Whale in a goldfish bowl
Gregg Reese | 9/3/2008, 5 p.m.
As the 2008 Summer Olympics closed with all the expected fanfare, this international multi-sports event represents an even more significant milestone for the People's Republic of China (PRC), which has shelled out tens of billions of dollars to host what can accurately be called their "coming out" party. This caps two decades of prosperity involving a political shift from strict communism to what can be called "market socialism," in which capitalist element systems are introduced as incentives or stimuli to encourage production.
In the interim, the government's "growing pains" have been on display for the entire world to see, including its perennial rivalry with the island nation of Taiwan, and perhaps most notably, 1989's Tiananmen Square protest and massacre. Mainland China's unprecedented economic growth has earned it membership into the World Trade Organization, the United Nations (UN) Security Council, and most recently of course, the right to host the Olympics.
This latest milestone might be seen as China's symbolic entrée into the ranks of the world's super powers, and also revisits the issue of its internal human rights concerns, and its questionable interventions into the affairs of others, most notably Tibet.
Not nearly as well covered in the press have been its activities on the continent of Africa, a potential source for sustaining the phenomenal economic growth displayed over the past few decades. China desperately needs an abundant source of natural resources to offset the fact that it has few indigenous stockpiles to rely on. America and the traditional powers it directly competes with already have well-established infrastructures in the Middle East, while the Dark Continent, rife with civil unrest though it may be, offers a more pliable objective economically, especially since the Americans have their hands full with their commitments in Afghanistan and Iraq.
Friendly persuasion: a Sino-African primer
While far less is known to the general public, forays into the Dark Continent by the PRC have been common knowledge to those in the international community for years, and may have been at least a partial motivation behind the American military's formation of a new African Command (AFRICOM) this past year (see Our Weekly cover story "Marching to Africa," dated 8-9-07).
Chinese-African relations have been rife with racial overtones since the influx of African exchange students in the 1960s as part of Chairman Mao Tse-Tung's push for "Third World Solidarity." Similar to the animosity directed toward black and other minorities during the era of affirmative action in the United States, many Chinese resented the (comparatively) generous stipends given to the foreign students, who'd been encouraged to study in China since the 1960s. At least some of the friction may have stemmed from the romantic liaisons formed between African men and Chinese women.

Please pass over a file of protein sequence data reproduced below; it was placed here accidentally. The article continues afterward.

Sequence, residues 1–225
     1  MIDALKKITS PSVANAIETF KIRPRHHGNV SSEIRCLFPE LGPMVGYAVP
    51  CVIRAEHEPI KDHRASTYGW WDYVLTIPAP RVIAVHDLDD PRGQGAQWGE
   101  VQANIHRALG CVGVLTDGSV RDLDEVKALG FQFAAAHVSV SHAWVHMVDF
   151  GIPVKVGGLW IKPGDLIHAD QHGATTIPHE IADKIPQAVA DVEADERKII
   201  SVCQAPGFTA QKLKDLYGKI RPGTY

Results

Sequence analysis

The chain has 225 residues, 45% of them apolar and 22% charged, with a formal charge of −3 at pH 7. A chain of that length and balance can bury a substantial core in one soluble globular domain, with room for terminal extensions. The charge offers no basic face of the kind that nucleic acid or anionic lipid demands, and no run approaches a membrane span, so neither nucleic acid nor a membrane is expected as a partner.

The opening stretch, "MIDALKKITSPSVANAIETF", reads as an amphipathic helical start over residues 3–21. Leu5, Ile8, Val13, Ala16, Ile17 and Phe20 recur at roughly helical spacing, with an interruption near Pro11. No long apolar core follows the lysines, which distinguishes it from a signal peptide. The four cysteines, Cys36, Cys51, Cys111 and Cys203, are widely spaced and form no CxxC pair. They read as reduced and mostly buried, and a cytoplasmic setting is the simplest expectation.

Part of China's appeal as a trade partner to Third World countries, especially those in Africa, is its insistence on respecting each country's sovereignty and in the process refusing to insinuate itself or even criticize the domestic affairs of the nations it does business with. This policy is mutually attractive to the Chinese, who have their own shoddy reputation regarding human rights violations internally. This in turn raises concerns by humanitarian groups who suggest that China's primary objective is the exploitation of African raw materials to sustain its Gross Domestic Product (GDP), while ignoring the genocide raging in places like the Darfur region of Sudan.
Towards that end, they point to the Chinese tendency to invest in only those infrastructures necessary for the extraction of the raw materials, while giving little thought to the development of fledgling industries (i.e., they're not committed to nurturing self-sustaining businesses). Thus the past decades have seen the modernization of state-of-the-art airports across the continent in places like Mozambique and South Africa, with a brand-new one under construction in Sudan, tentatively to be called the Khartoum New International Airport (KINA). They often build up their own urban "China Towns," centers of commercialism, which usually exclude the indigenous Africans.
As far as China's commitment to a policy of "non-interference" in domestic affairs, it curiously does not apply to the provision of arms and military equipment which leads the way to the continuation of the ritual of violence, instability, dictatorial rule, and corruption that has characterized the African continent since colonialism ended.